Challenge #4: Gaming of the system
In decades of doing primary research I found that is nearly impossible to obtain unvarnished customer feedback through the sales or support channel. Only the best customers are solicited, and those who have a negative opinion are either never approached or their feedback is never recorded. Sometimes changing a digit in the stored phone number or intentionally mistyping an email address may make these customers inaccessible. I've even observed sales and service personnel begging for a positive rating, saying, "I'm going to get in trouble if I don't get a 10. Can you help me out?"
Challenge #5: Unintended consequences
A major financial services company found that their well-intentioned use of an average call handle time metric backfired severely. Rather than solving the customer issues with readily available information, agents would hang up on customers as they approached their call time limit. Customers were forced to call back, destroying customer satisfaction as well as agent profitability. Without care, employees at all levels can be seduced by a number on a dashboard and lose sight of the real goal, that of increasingly enduring, profitable customer relationships.
Challenge #6: Metric instability
Similar to Challenge #3, instability in the metric may cause similar disaffection and disengagement. If I strive to achieve a goal but the goal changes mid-stream or is sometimes unattainable, I may give up. Steady-state quarterly revenue targets sometimes suffer from this instability. Sales teams pull out all the stops in the fourth quarter, creating incentives for customers to purchase sooner than later and leaving nothing for the first quarter. Bug fixes, call center volume, and similar metrics are going to vary depending on software releases, marketing pushes, etc.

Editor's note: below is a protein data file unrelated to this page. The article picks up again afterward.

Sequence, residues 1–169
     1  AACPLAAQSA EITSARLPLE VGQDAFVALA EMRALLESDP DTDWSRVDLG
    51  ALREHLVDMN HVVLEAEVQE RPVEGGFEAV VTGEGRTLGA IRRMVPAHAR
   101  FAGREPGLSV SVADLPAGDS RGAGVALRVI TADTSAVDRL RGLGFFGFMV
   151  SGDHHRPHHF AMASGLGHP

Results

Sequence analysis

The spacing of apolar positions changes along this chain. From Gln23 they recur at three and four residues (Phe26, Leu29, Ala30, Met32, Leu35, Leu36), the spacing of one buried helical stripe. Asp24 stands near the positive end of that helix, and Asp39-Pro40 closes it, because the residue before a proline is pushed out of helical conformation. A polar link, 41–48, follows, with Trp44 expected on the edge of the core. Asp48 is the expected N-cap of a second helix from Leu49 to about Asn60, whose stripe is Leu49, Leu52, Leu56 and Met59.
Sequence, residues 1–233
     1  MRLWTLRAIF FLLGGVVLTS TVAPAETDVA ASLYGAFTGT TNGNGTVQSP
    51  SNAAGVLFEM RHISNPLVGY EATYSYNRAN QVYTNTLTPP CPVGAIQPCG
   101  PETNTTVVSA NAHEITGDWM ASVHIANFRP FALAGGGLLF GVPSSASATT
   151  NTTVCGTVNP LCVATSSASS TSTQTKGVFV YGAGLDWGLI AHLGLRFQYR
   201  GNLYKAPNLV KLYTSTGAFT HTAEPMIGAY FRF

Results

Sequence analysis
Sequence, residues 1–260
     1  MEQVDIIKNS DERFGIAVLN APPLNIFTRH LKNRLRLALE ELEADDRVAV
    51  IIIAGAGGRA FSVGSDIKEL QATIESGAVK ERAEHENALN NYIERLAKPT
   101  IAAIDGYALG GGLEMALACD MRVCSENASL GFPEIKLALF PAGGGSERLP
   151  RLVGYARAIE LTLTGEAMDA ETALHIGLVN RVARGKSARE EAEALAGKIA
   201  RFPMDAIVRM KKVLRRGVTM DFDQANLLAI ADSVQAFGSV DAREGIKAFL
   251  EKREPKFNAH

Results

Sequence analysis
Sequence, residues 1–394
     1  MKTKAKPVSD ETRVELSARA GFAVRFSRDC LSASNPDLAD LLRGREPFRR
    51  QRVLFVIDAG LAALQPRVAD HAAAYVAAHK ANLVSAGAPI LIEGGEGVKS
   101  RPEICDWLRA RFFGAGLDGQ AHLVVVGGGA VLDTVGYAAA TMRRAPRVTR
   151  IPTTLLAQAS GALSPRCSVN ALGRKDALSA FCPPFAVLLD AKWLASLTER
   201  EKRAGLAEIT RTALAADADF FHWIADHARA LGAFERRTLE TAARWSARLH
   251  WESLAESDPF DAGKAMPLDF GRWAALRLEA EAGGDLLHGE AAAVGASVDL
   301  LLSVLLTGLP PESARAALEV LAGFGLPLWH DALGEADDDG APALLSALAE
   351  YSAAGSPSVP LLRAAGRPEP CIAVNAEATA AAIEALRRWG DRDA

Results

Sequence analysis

Challenge #7: Excessive burden
Cisco was famous for automatically sending out a five-item questionnaire after every single service call. In the early days that might have been borderline excessive. Today, with everyone surveying all of their customers after every interaction, customers are suffering from survey fatigue. Response rates are dropping precipitously. On the other side of the fence, some metrics might complicate operations and create excessive overhead. Successful metrics need to avoid excessive burden on operations and especially upon customers.
Many corporate metrics such as revenue growth, earnings per share improvement, etc. have been around for years and people have forgotten the difficulty involved in their establishment. Now, as CCOs and other customer executives are beginning to make customer centricity a part of corporate strategy, it is important to anticipate these challenges in order to help the organization succeed. What are you doing to overcome these seven challenges? Do you have a particularly good example of any of these challenges that you can share? I'd love to include them (either properly attributed or sanitized as you desire) in my upcoming book!
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ABOUT THE AUTHOR
Curtis Bingham is a recognized authority on CCOs and the first to promote this role as a catalyst for competitive advantage. Creator of the CCO Roadmap, a groundbreaking work containing 100+ strategies essential for customer centricity, as well as an international speaker, author, and consultant, Curtis is passionate about creating customer strategy to sustainably grow revenue, profit, and loyalty.